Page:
To answer that question, we would have to first understand what the metaverse is and then analyze its implications for business. At Polycount, our working definition of the metaverse is a shared network of persistent 3D virtual spaces within which people (represented as avatars) as well as all kinds of intelligent objects and agents, can interact within virtual environments. In this blog post, I will begin to unpack this definition and relate it to specific business opportunities. In subsequent posts, I will extend the process of unpacking our definition covering additional commercial opportunities and such key items as avatars and intelligent agents including digital influencers.
“A shared network of persistent 3D virtual spaces.” The metaverse is made up of a growing and complex variety of persistent virtual spaces ranging from virtual worlds like Decentraland , Roblox and Sandbox to social VR platforms like AltspaceVR. Each of these virtual environments presents unique opportunities for businesses to engage with customers in ways that are frequently reminiscent of the real-world but surpass or supplement the real-world in certain critical ways. In this blog post I will use the example of the virtual pop-up to highlight some of the advantages of having a virtual world presence.
In the real-world, the pop-up retail store has become a major trend popular with both retailers and consumers. Pop-up stores, as the name implies, are temporary, appearing for a limited time for a specific use case. Brands use pop-up stores to create unique experiences around a new product, reach new customers, highlight special events or gather marketing insights. Increasingly however, brands are realizing the value of virtual pop-ups.
Offline TV, the gaming and entertainment collective, opened a pop-up store in Los Angeles in early December 2021. But the Offline TV team quickly realized that the 7-day duration of the pop-up event was not enough to allow more than a fraction of it’s massive 3.0M fan base to attend. Partnering with McDonald’s, they turned to Polycount to create an online counterpart; much to the delight of their fans.
In this instance, the opportunity was to extend a real-world pop-up store into the metaverse, but companies are now creating pop-ups that have little or no connection to the real-world. Decentraland, perhaps the best known of all the virtual worlds, has become a venue for buying and selling digital real estate which can then be re-sold but also rented for specific commercial purposes. Miller Lite recently rented Estate 44-45 for the “Meta Light Bar” a unique pop-up that included entertainment by fan favorite J. Balvin as well as a variety of Miller Lite themed virtual swag that fans could purchase for their avatars.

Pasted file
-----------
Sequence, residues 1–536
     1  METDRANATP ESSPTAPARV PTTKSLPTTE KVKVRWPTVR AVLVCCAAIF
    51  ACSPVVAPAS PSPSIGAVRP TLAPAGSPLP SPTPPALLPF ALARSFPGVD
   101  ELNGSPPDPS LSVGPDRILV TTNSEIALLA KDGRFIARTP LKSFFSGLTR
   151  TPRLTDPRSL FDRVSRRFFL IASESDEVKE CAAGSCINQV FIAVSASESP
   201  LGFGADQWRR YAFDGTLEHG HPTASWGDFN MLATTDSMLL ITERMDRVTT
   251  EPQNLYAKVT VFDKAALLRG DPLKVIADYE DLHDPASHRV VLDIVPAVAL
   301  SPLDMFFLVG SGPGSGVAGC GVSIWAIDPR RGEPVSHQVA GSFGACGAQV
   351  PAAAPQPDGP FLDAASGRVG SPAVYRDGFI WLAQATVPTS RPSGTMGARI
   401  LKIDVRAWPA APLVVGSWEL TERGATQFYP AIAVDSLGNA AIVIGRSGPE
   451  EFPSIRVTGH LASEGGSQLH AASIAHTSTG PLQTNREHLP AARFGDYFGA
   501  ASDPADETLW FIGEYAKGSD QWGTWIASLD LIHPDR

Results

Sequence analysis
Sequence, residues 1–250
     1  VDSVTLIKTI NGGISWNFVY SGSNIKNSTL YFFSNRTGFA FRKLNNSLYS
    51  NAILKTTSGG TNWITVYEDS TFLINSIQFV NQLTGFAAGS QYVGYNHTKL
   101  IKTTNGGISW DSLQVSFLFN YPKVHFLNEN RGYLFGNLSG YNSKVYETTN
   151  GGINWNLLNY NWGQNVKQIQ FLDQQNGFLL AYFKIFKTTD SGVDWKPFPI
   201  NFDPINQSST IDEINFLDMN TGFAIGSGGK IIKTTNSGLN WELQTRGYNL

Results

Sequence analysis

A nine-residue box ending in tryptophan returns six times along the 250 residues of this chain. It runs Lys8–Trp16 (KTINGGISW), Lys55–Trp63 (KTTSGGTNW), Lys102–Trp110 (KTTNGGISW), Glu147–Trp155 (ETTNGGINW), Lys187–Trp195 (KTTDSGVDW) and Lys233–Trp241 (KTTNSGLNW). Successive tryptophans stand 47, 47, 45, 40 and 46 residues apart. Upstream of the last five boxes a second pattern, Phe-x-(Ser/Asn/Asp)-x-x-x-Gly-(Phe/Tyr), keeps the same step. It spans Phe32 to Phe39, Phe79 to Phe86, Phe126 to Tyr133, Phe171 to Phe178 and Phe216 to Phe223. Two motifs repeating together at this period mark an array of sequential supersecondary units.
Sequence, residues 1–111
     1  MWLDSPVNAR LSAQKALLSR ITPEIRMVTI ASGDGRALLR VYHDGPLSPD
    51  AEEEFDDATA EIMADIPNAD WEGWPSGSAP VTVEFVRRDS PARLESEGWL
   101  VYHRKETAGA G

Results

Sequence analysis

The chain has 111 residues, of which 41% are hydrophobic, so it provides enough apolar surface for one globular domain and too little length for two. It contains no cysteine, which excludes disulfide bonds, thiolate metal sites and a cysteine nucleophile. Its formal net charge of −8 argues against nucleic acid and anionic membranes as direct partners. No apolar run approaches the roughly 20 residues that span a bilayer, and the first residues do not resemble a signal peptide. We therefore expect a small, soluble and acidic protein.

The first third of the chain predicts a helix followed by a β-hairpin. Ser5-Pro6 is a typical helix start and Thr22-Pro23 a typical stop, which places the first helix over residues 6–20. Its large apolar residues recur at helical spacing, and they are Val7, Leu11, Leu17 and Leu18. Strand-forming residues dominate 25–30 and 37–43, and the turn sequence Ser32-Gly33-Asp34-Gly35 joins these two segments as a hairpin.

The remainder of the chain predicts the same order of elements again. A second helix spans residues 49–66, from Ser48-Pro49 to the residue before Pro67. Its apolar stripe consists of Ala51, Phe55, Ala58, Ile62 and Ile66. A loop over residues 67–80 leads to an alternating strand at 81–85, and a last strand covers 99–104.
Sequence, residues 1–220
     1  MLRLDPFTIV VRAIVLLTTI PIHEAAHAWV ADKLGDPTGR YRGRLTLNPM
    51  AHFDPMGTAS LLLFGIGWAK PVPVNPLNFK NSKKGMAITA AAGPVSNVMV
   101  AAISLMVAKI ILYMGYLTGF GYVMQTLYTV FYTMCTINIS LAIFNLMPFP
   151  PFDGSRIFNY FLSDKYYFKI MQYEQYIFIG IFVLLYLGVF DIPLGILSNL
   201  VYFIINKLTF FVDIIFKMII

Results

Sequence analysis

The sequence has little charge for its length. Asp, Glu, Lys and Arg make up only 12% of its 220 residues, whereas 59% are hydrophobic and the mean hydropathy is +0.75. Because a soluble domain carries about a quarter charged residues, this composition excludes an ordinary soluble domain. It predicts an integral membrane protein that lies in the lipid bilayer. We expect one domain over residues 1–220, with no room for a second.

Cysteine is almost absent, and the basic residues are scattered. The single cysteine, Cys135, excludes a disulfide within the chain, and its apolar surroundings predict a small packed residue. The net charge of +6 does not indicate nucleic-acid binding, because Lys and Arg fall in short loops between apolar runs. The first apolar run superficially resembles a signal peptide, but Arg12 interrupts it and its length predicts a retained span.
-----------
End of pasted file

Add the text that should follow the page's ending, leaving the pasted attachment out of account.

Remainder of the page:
Other companies are recognizing the need to establish a connection between the real world and the virtual. Gucci, which placed a whole series of pop-up stores in luxury shopping centers worldwide for its 100th anniversary also created a VR pop-up which it hosted on Roblox. It was in that virtual store that it sold a digital-only bag for $4,115.
From these examples, what can we conclude about businesses needing a presence in the metaverse? Let’s look at some of the advantages as revealed by our discussion of virtual pop-ups. For one thing, these give brands the ability to engage with consumers who will not be able to attend a real-world pop-up event. Another advantage is that a company can use a virtual pop-up to create events that cannot be replicated in a real-world store. Finally, as the Meta-Lite bar and the Gucci example demonstrate, companies can offer unique lines of merchandise designed for use in virtual worlds only.
Consumers are steadily shifting their attention toward virtual worlds for a whole variety of experiences from gaming to sports and entertainment and expecting companies to follow. Forward-thinking businesses large and small are exploring the ways to maximize their interactions with online consumers whether through online pop-ups or establishing a permanent presence in the metaverse. Does every business need a presence in the metaverse? The answer may well be yes.
Stephen H. Haliczer
Director of Metaverse Research